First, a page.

Namibia is a country of deserts with barren stretches that yield only to subtle variations of the same aridness. Fascinated by these extraordinary landscapes and its distinct visual qualities Belgian photographer Maroesjka Lavigne devised Land of Nothingness – a photographic journey into and study of this unforgiving environment.
In a stunning process Lavigne composes from the seeming desolation and barrenness of nature a visual symphony that is dominated by the pale hues of the desert and spotted with wildlife. The animals and the very landscape in which she finds herself appear to respond to her camera lens. The resulting images are harmonious compositions that showcase the natural rhythm of the desert with wildlife sightings and staggering landscapes as highlights to the monotony.
SHARE THIS ARTICLE “Land of Nothingness”, Maroesjka Lavigne, through 26 March 2016, Robert Mann Gallery, New York, robertmann.com
At the same time, Lavigne seems to explore the themes of solitude and slowness in her photographs.In a statement about the series, Lavigne says: “Patience is required to discover the wide range of Namibia’s ever-changing scenery. It literally takes you hours driving though nothing to arrive at… more of nothing. The sight of other people is rare and only the strategically located gas stations are a reminder of the world beyond.”
Though at times the sameness can be hard to navigate, Land of Nothingness uncovers the unexpected beauty often hidden in plain sight on the scorched earth of the Namib. And Lavigne reveals the carefully balanced order that comes with life on an unrelenting desert.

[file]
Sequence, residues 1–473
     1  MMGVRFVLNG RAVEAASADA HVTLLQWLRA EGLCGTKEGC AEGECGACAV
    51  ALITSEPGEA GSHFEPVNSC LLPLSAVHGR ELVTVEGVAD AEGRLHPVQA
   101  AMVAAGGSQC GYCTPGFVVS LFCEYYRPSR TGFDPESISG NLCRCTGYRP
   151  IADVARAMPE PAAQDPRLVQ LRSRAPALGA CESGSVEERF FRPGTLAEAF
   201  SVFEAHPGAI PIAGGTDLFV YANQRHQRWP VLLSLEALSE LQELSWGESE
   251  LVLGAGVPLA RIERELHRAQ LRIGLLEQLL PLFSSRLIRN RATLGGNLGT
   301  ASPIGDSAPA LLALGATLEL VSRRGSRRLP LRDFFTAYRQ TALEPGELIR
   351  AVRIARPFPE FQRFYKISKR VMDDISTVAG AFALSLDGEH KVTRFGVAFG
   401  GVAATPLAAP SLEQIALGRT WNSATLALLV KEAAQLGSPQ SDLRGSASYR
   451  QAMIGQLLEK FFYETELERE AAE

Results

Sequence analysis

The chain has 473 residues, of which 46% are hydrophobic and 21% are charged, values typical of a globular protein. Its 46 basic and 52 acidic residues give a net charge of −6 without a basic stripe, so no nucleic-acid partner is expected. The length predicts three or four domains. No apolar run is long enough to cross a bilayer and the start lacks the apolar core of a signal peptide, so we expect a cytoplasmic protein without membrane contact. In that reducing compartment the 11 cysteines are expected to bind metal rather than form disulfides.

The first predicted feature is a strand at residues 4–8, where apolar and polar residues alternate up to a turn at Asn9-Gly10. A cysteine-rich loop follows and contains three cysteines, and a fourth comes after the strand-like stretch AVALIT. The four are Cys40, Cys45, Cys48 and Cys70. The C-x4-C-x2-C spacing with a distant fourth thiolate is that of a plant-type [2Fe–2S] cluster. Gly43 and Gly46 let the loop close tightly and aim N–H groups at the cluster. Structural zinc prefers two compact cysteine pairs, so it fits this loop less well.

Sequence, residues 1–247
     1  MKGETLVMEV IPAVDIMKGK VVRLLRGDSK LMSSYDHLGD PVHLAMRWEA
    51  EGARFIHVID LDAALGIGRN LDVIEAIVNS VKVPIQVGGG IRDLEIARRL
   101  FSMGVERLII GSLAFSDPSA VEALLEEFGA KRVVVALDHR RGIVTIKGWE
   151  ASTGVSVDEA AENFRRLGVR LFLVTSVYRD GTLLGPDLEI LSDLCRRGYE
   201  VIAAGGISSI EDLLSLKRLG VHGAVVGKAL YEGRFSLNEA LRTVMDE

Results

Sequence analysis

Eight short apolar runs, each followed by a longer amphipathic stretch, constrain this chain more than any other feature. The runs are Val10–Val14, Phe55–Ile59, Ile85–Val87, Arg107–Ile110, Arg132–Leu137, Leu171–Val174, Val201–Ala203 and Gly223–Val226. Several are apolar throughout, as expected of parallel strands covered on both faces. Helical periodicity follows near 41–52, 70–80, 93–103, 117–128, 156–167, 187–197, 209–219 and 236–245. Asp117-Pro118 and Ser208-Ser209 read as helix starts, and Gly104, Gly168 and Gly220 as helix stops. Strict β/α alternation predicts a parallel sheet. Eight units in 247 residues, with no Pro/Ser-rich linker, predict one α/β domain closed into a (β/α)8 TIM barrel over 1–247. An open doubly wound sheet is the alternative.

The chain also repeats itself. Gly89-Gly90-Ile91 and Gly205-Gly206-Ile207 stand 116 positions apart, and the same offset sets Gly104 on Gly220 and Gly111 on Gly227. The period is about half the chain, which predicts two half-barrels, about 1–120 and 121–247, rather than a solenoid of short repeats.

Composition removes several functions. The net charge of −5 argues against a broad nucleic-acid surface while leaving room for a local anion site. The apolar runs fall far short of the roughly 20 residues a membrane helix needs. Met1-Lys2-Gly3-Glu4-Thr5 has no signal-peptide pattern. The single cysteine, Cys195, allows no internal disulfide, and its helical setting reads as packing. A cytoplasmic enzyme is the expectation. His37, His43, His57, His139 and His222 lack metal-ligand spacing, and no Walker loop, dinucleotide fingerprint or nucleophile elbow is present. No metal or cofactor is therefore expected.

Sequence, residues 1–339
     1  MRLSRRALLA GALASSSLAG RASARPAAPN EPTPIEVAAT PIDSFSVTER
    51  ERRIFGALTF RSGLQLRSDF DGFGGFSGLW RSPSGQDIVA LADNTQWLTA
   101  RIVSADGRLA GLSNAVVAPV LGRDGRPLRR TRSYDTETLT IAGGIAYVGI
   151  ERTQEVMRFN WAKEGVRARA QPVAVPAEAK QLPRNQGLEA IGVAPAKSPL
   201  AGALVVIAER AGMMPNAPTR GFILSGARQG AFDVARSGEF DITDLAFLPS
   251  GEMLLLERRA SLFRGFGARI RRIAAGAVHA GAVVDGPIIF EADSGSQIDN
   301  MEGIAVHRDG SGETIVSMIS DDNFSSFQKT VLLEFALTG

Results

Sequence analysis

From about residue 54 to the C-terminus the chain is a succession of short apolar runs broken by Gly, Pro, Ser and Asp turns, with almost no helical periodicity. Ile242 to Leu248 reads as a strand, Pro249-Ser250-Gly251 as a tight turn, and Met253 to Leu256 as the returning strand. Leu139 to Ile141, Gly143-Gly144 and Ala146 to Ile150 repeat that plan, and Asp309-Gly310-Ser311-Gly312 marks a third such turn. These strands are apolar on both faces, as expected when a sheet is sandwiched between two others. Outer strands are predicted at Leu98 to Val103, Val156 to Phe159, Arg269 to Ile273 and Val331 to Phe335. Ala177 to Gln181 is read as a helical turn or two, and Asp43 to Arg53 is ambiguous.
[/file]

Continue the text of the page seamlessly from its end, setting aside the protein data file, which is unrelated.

Four Giraffes shows the cadence in which all of nature moves. These giants tower over every other animal on Earth but are dwarfed by the majestic wildness of the desert, becoming a part of the pattern of the land. Evidence of human encroachment on the natural beauty of Namibia is few and far between, this is a place at the mercy of the rule of the elements.
Gaze shows just how minute human influence is when their presence can be nearly mistaken for parched vegetation. Lavigne has ventured into a world devoid of the consumer culture and the dictate of time – in sharp contrast she portrays a place where hours of driving pass before you see anything other than sand dunes you must confront your own insignificance.
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